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Government Transition Advisory Committee members connect with community groups about the Charter Transition project

Newsletter
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Portland organizations are encouraged to book a presentation to learn about changes to voting methods for the November 2024 election and to city government in January 2025.
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The Government Transition Advisory Committee (GTAC) is the leading forum for community engagement on the Charter Transition project. As a 15-member body that was appointed by the mayor and approved by city council in March 2023, committee members will serve until March 2025. All committee meetings are open to the public.  

The role of the advisory committee is to advise city council, the chief administrative officer and the City transition team on issues related to the development and implementation of the Transition Plan.  Appendix A in the Transition Plan contains the Community Engagement Plan, which serves as a workplan for the committee.  
 
The City has specifically requested the committee’s advice is the following areas: (1) community and employee engagement; (2) transition project budget; (3) change management; (4) voter education; and (5) definition and measures of success.   

Among the committee responsibilities that were defined by city council, perhaps their most important role is to maintain open and consistent communication and engagement with internal and external stakeholders throughout the transition, and ensure input is meaningfully integrated into the City’s implementation of the November 2022 voter-approved charter amendments.  

The Government Transition Advisory Committee is proud to partner with communities that have been left out of Portland’s political process 

At least one of the two quarterly briefings or presentations committed to by GTAC members will be conducted in partnership with a community or communities that have been traditionally left out of City Hall and city decision-making, including Black, Indigenous, Asian, Pacific Islander, Latinx/e, people of color, people with disabilities, immigrants and refugees, non-English speaking communities, people under age 25, houseless Portlanders, people who live east of 82nd Avenue, and the LGBTQIA+ community.   Providing these opportunities in partnership means going to community and asking what their constituents care about and how best to reach them; inviting community to take the lead; and providing needed support including materials, space, and reimbursement for costs like staff time, food, childcare, etc.  To support the committee in this work, all committee members and alternates participated a racial justice and equity training provided by the Office of Equity and Human Rights to support culturally responsive engagement; and committee members will be provided with materials to use in their engagement.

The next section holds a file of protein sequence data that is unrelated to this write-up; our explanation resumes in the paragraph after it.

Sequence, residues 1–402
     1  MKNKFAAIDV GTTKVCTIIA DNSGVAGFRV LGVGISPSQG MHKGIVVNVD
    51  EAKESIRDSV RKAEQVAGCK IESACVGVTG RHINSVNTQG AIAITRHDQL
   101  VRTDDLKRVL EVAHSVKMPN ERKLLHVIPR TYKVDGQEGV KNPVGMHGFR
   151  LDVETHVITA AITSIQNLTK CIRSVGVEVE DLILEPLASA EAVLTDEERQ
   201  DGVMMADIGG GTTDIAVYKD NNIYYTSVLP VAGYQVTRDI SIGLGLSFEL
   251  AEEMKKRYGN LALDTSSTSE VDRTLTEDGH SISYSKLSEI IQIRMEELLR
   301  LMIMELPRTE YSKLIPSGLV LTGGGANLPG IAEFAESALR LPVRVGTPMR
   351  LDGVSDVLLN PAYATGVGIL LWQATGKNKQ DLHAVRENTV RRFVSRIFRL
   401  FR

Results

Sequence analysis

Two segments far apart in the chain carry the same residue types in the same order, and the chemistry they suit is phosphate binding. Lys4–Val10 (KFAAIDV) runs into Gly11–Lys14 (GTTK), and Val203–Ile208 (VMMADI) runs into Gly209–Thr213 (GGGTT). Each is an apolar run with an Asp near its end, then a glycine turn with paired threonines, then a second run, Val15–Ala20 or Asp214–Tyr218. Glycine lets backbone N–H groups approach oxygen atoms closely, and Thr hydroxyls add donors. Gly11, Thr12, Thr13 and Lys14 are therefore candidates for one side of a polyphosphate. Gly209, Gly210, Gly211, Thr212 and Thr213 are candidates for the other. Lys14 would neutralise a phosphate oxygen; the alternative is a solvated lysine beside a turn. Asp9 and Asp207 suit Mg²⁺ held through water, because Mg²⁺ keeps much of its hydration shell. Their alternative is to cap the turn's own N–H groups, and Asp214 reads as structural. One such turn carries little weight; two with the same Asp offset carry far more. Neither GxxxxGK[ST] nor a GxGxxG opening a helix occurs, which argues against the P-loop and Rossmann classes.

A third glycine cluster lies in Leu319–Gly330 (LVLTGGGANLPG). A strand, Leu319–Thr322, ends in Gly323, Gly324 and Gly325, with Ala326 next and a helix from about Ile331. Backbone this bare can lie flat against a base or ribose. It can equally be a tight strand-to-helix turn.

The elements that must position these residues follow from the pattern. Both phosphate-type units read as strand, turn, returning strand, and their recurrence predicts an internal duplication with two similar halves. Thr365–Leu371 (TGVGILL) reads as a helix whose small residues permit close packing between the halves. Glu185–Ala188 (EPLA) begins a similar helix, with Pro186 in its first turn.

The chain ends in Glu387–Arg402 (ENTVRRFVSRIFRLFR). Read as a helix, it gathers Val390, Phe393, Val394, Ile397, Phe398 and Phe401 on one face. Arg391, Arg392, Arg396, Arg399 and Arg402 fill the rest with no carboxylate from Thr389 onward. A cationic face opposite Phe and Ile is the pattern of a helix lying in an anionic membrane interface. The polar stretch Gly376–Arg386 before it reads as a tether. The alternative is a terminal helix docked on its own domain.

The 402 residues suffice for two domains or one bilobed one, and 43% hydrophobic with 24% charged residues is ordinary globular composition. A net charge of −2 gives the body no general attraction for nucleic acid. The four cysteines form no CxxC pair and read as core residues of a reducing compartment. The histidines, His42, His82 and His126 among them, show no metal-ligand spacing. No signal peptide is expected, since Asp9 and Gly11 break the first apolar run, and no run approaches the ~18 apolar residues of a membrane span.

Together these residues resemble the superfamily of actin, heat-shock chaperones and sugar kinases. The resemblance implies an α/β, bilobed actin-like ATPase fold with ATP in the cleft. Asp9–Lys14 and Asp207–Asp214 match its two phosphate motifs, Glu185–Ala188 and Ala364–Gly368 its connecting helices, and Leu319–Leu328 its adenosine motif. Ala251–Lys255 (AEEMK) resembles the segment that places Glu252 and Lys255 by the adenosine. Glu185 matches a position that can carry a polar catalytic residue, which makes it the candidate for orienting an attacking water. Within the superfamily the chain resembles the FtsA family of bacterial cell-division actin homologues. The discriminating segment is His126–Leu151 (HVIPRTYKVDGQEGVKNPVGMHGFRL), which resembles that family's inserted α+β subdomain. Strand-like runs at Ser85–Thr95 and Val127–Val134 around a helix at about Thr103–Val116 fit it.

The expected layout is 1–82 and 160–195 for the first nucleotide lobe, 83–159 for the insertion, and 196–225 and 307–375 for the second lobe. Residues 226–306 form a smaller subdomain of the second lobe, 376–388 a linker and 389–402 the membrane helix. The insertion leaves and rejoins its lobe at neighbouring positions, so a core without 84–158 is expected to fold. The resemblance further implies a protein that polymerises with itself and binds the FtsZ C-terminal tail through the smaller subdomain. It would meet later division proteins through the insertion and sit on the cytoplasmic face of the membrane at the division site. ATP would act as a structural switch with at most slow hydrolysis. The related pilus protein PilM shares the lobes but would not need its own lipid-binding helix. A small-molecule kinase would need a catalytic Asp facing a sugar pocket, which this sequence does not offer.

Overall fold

Host a speaker from the Government Transition Advisory Committee

If you are active in a community group, consider booking a member of the Government Transition Advisory Committee (GTAC) or City transition staff to speak at your next in-person or virtual meeting.  GTAC members are prepared to give an overview of the transition covering topics such as ranked-choice voting, districts, and city organization. 

Request a presentation from a member of the committee.

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